This type of constructivism focuses on the individual learner’s ability to form meaning from their experiences. It views learning as an active process where knowledge is constructed by each individual through reflection, exploration, experimentation, problem-solving, and critical thinking. 

Note: Constructivism vs. Cognitivism

Cognitive constructivism should not be confused with cognitivism—another important learning theory. While similar, the difference in cognitivism vs constructivism has to do with the theory’s approach.

Cognitivism explains the internal, psychological processes that occur when information is absorbed. By contrast, constructivism explores the social and collaborative aspects of learning.

3. Radical constructivism

This type of constructivism stresses the idea that knowledge is subjective and personal. Knowledge cannot be shared or transferred between individuals because their unique perspective will cause them to interpret information differently.

Using constructivist learning theory in your employee training programs

Constructivist learning theory has been used in a variety of educational settings, such as classrooms, museums, libraries, and online environments. However, it can also be used to improve employee training programs in a number of ways. Here are some constructivism examples being used in the workplace:

1. Break down traditional learning models. Traditional learning models rely heavily on lectures and memorization. However, constructivism encourages experiential learning, which encourages learners to actively engage with the material presented to them. Provide learners with opportunities to experiment and explore the material through projects, simulations, or other activities.

2. Provide feedback. Constructivism emphasizes the importance of reflection and feedback. Make sure to create a learning environment where learners feel comfortable providing feedback on their own experiences as well as offering constructive criticism or suggestions to their peers.

3. Encourage collaboration. As mentioned earlier, constructivist learning theory emphasizes the importance of social interaction in the learning process. Encourage learners to work together and share their experiences in order to better comprehend the material.

4. Facilitate meaningful conversations. Constructivism is all about making meaningful connections between ideas. Encourage conversations between learners and instructors that go beyond memorization and focus on discussing and exploring the material.

As you create your employee training program, remember that mistakes are part of the learning process. Don’t be afraid to try new approaches in order to create the most effective learning environment for your employees.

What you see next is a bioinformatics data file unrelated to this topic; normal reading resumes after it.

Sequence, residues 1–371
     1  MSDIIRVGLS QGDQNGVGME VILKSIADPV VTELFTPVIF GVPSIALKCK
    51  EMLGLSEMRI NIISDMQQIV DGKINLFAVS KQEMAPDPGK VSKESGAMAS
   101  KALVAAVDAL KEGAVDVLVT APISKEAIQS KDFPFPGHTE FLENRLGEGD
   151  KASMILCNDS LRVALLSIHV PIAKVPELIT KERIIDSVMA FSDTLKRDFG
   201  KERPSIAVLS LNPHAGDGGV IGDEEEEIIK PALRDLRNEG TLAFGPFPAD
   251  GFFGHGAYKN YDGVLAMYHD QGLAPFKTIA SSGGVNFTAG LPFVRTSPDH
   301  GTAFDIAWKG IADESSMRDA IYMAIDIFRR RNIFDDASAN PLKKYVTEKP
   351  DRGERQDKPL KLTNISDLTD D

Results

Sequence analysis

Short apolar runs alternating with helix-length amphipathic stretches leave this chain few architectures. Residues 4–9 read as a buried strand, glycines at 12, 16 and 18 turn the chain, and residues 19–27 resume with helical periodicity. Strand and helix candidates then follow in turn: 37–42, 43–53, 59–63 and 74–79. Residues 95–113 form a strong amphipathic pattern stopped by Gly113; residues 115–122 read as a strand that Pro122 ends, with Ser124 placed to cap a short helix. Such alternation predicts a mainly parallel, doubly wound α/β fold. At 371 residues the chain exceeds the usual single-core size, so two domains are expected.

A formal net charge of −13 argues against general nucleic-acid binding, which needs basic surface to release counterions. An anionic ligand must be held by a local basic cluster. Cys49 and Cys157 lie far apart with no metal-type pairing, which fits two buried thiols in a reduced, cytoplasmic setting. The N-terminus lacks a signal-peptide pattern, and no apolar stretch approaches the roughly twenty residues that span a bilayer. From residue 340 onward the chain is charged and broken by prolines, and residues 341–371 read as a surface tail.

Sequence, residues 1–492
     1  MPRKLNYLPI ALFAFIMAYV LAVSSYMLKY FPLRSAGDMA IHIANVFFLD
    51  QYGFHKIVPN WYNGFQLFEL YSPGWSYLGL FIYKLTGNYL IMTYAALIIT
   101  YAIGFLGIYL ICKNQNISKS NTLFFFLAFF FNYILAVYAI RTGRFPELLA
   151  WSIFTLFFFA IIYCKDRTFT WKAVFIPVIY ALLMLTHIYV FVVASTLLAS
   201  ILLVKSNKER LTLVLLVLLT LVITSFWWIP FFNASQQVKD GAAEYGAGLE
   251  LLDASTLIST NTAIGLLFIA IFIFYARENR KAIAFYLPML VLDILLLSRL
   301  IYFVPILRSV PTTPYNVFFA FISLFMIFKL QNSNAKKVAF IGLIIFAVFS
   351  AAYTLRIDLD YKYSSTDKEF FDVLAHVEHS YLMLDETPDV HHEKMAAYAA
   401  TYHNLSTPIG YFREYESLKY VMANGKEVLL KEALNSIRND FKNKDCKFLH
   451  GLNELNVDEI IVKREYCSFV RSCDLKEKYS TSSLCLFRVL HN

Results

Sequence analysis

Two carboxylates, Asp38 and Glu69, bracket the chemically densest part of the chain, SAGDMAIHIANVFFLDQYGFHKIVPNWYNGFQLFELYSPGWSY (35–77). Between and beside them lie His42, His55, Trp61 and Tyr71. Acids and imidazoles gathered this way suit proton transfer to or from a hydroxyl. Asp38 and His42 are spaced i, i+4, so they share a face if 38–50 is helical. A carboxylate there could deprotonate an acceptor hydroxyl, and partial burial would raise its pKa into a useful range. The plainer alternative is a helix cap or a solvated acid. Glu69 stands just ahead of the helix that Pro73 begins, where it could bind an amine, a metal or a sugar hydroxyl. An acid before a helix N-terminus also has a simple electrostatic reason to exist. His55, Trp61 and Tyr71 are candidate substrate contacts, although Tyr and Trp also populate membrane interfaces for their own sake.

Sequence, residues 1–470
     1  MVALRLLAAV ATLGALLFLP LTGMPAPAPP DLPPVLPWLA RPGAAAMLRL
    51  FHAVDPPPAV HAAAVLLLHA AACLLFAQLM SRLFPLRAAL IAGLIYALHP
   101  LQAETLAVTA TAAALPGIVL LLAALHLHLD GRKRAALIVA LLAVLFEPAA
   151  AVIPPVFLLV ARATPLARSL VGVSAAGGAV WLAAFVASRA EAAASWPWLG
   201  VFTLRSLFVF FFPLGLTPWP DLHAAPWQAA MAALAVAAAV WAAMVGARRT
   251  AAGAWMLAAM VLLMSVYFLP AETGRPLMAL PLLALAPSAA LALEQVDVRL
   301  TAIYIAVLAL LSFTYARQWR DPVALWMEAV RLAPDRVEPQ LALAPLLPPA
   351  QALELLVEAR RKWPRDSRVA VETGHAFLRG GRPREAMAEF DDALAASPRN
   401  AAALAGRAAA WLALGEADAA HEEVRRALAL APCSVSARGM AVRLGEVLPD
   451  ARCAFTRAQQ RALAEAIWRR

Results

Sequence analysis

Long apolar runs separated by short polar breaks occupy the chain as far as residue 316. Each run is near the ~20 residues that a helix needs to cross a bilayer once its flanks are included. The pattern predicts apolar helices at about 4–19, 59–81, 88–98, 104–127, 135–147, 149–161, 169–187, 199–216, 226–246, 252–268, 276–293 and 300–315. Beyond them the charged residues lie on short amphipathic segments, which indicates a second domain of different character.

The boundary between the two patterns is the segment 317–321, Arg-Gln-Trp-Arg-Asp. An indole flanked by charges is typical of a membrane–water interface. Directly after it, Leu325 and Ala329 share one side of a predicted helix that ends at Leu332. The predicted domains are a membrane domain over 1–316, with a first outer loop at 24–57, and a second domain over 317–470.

Criticisms of constructivism

While constructivism has its merits, it is not without its criticisms.

1. Subjective truth

One major criticism of this learning theory is that it can be difficult to assess learner comprehension since there aren’t inherently right or wrong answers in a constructivist approach. Incorporating incorrect information into your understanding of a topic is more than a puzzle missing a piece—you’re more likely to miss future pieces, too.

2. Constant attention

Additionally, constructivism is often a self-directed method of learning but demands a great deal from mentors. Constructivism requires educators to remain attentive and provide learners with guidance complementary to their individual needs. However, this can be especially difficult (and time-consuming) if there are multiple learners involved.

3. Culturally biased

Some have also argued that constructivism does not take into account cultural or social differences between learners, and it can often be biased towards one group or another. The theory doesn’t offer an efficient way of teaching large groups at once, which increases the likelihood of unequal outcomes.

Constructivism’s Role in Shaping Future Training

Constructivism is an essential component of modern training, providing a framework within which learners can explore new concepts in a meaningful way.

Through exploration, experimentation, problem-solving and collaboration, learners are able to construct their own understanding of a subject, and find solutions that work best for them. 

Although it has its critics, constructivism remains a powerful tool for teachers and learners alike—one that is ever-evolving as our understanding of learning grows.

By understanding how this learning theory works and how it can be applied effectively in your organization’s training program, you can create an environment that fosters growth and development among your employees.